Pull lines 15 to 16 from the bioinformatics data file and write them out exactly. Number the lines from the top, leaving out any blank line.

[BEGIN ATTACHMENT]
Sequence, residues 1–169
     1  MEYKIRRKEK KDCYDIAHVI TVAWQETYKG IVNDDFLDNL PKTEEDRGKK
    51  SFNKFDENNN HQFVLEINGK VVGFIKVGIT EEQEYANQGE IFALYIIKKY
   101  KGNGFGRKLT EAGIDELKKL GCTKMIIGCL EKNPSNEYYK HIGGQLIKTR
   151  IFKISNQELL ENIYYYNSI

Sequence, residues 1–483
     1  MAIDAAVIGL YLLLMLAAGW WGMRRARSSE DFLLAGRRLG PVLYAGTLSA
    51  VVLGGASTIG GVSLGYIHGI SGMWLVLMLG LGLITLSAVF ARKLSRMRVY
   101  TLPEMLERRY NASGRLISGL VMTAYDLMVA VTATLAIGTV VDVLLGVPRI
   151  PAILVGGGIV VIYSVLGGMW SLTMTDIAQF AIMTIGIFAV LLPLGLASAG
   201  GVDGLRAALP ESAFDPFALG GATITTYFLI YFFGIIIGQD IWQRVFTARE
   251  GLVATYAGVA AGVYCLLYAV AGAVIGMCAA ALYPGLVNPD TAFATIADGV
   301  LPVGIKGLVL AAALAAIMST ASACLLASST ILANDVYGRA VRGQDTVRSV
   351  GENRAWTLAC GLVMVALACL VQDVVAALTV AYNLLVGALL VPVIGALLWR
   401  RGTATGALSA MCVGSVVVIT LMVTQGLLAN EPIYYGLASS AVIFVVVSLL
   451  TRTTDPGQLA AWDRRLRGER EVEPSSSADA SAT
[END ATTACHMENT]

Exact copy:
   401  RGTATGALSA MCVGSVVVIT LMVTQGLLAN EPIYYGLASS AVIFVVVSLL
   451  TRTTDPGQLA AWDRRLRGER EVEPSSSADA SAT